What Makes A Good Leader?

by | Aug 8, 2023 | Leadership | 0 comments

s to make surenIIf you answer ‘no,’ A great piece of work from Keith Murray (CMI) looks at the eight ways bad managers kills conversations – and motivation.

When you look at the eight  areas below, ask yourself to things; Do I do some of these things and do you someone that does?

1/ … are secretive and share as little information as possible – to them, information is power, so they deliberately choose to withhold it
2/ … are bad at giving feedback
3/ … are even worse at giving praise than giving feedback (employees always see managers who give praise as more effective)
4/ … are rampant one-way communicators who are on the ‘broadcast’ button all the time and have no interest in listening to people’s views or encouraging robust conversations to find ideal solutions. They care little about encouraging good communication between team members
5/ … are invisible, and prefer the security of their office walls to going out to talk to members of their team. They send emails at all hours of the day and night, even if members of their team are but yards away in the office
6/ … never prepare for presentations, preferring to speak off the cuff
7/ … have no sense of their audience and are completely unaware of the audience’s issues and concerns – they have a message to deliver and, by heck, deliver it they will, no matter how long it takes
8/ … are ambiguous, indirect or even lie, and never check whether people have understood a single word they said, and often use the phrase ‘you are not listening!’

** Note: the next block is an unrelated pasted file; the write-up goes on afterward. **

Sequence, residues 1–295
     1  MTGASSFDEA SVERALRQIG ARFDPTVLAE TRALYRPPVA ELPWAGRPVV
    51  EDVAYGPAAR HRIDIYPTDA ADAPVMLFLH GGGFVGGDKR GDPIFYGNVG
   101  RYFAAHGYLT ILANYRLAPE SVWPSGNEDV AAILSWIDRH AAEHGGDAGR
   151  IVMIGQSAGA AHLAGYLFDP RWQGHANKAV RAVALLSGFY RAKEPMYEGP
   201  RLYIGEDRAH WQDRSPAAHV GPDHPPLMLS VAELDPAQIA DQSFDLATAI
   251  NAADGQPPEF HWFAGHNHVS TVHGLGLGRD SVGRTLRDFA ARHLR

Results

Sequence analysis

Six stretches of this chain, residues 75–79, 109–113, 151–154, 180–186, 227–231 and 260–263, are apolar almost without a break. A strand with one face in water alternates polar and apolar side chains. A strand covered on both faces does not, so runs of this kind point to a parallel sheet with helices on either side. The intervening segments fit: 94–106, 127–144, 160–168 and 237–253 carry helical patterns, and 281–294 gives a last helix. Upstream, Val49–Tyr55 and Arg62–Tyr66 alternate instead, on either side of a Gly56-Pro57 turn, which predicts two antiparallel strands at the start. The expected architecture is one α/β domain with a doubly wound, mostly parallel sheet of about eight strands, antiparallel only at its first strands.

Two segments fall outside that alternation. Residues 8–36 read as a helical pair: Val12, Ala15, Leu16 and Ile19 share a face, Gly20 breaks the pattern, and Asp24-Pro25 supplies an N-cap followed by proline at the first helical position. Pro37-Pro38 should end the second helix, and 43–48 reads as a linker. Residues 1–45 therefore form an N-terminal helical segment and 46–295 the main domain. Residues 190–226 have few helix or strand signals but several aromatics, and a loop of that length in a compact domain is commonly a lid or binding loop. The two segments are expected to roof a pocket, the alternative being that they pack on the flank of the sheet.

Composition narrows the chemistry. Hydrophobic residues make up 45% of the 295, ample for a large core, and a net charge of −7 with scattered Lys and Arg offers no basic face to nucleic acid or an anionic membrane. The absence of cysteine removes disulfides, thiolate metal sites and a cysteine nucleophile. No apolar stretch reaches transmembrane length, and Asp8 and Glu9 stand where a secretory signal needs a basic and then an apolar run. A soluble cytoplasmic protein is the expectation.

Okay. Do you recongise any of these behaviours from yourself? If your answer is ‘no’ it’s worth asking for some honest peer feedback to make sure. If you feel the eight areas as a personal attack on the way you manage, it is likely you do give out some of these vibes to your team. May be hard to take, but worth taking onboard.

Who of us would want to be working in a team led by a boss who exhibits any of the behaviours I have listed above?

These are toxic bosses, and they create dreadful cultures and poisonous places of work that are harmful to our health, and our ability to contribute meaningfully to our organisation. These are the bosses who will have high churn rates in their teams, with most of their employees looking to move to another department or even another company.

Happily, well-intended managers who truly want to improve their performance can address most of these bad behaviours. Being mindful of these destructive behaviours is a good place to start.

According to CMI research, as many as four out of five managers in the UK are accidental managers – those promoted to their role without adequate training. In the UK alone, that’s an estimated 2.4 million bosses. Imagine how many employees that affects? According to one estimate, less than half of all employees are satisfied with their manager. How many of them are feeling disengaged and demotivated? This brings with it a massive cost in lost productivity

Perhaps one of the single most important things to achieve great leadership skills is that they believe in what they are doing.

That is to say, good leaders should have a real passion for what they’re doing & really believe in it. This is important because it will help them to make the best decisions for the long term of the business and also because it will help them to inspire others.